A living trust is a trust established during the life of a person.All assets are deposited into the trust and removed from the possession of the original owner.There are four typical changes that can be made to a trust. For instance, if you wrote down the wrong birthday of a beneficiary, this change would be corrected in an amendment. This means that an amendment must be signed by the trustee, two witnesses, and notarized.The document is then attached to the original trust document.In this document, assets may require re-labeling and specific instructions regarding each beneficiary may be in order.This document is not part of the actual trust, but should be included in the trust portfolio papers to make the transition easier.The amendment can be used to make minor deletions and/or additions to the original trust.It can be relatively simple to amend a Living Trust.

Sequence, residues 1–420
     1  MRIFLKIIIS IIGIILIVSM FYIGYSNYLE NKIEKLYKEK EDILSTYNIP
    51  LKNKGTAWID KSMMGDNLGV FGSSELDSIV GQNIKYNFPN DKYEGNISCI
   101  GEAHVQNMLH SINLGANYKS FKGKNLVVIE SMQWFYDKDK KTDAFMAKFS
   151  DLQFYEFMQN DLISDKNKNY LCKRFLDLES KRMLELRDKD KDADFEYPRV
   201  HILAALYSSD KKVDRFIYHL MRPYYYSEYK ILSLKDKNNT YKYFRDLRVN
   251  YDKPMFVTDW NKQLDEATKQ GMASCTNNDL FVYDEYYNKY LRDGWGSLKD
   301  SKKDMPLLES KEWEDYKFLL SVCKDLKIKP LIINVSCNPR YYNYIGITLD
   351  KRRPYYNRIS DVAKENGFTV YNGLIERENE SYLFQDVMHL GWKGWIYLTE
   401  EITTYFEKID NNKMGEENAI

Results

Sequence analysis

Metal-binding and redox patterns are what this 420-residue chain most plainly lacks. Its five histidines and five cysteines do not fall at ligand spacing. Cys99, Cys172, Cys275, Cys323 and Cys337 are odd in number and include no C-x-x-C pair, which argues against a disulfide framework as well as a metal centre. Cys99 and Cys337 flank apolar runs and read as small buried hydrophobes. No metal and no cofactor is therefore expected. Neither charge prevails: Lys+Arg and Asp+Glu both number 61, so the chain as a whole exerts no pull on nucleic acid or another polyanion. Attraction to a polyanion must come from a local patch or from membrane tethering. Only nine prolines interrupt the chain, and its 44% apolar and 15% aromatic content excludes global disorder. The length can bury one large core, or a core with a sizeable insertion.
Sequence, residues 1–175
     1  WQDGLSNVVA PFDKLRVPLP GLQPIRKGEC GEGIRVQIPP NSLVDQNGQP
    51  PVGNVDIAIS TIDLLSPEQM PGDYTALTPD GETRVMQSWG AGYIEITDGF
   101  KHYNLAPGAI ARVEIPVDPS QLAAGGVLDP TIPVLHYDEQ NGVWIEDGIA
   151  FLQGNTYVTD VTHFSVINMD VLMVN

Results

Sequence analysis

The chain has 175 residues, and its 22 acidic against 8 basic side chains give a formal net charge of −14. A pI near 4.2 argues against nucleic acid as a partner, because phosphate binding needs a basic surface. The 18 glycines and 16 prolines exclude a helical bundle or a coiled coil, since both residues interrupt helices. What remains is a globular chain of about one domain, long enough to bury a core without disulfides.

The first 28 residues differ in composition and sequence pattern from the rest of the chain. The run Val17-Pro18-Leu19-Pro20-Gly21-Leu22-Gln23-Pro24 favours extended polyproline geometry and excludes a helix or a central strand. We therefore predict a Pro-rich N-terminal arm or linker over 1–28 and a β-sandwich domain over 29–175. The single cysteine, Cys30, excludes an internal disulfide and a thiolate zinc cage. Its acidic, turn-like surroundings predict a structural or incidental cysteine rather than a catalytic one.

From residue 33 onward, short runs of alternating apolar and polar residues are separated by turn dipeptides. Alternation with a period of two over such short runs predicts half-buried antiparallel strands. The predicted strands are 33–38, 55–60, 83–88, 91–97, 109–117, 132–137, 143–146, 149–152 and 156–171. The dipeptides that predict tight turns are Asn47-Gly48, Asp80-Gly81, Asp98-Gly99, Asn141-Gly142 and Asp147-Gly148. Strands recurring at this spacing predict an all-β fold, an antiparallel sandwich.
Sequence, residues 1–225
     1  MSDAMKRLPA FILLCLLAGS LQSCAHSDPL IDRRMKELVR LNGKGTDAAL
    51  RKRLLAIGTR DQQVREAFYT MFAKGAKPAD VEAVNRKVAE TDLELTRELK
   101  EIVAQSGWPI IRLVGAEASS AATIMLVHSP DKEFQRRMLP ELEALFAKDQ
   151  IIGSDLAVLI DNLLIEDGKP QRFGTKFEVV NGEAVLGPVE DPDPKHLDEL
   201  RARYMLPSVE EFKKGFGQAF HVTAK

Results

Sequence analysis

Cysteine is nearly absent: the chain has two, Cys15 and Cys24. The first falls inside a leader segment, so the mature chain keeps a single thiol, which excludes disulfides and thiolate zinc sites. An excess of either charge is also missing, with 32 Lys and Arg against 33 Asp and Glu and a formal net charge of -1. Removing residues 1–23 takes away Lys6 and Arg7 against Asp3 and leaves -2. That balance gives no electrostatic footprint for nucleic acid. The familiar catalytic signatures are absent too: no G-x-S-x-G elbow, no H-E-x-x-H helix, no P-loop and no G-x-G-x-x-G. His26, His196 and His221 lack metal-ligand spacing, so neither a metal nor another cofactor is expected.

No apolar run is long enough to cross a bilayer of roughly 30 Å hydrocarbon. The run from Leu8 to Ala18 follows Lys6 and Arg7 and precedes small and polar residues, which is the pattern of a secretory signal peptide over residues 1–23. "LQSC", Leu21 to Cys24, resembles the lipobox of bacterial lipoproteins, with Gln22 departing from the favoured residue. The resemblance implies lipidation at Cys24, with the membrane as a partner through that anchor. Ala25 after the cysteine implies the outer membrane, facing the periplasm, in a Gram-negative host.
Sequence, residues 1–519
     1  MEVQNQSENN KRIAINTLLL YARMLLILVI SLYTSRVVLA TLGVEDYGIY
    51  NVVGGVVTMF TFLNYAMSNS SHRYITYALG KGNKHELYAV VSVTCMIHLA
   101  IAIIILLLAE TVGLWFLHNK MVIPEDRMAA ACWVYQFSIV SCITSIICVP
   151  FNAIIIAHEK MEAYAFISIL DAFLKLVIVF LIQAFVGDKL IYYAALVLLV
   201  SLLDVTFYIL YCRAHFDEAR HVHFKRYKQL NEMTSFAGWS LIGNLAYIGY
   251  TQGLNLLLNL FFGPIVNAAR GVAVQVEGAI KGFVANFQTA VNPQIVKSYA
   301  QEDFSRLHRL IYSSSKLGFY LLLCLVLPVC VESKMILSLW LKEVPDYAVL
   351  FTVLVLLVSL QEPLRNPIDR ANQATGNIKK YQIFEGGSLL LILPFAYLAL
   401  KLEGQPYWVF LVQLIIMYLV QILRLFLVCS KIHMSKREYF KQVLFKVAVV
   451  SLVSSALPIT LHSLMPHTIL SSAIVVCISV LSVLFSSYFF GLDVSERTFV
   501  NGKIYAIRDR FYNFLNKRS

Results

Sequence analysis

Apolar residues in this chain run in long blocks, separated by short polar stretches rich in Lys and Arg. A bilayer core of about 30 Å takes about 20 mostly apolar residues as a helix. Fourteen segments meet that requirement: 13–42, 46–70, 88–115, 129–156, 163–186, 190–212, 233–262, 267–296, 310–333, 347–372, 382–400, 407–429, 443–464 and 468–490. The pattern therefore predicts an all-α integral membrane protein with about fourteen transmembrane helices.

Before discussing when Trust Amendments or full Amendments and Restatements are required, you’ll need to understand what a Revocable Living Trust is – a legal contract between the Trustmaker and Trustee that can be changed at any time and requires the Trustee to oversee the management of property transferred into the trust by the Trustmaker for the benefit of the Beneficiary of the trust.
This allows the owner to avoid probate upon his death, ensuring greater privacy for him and his family.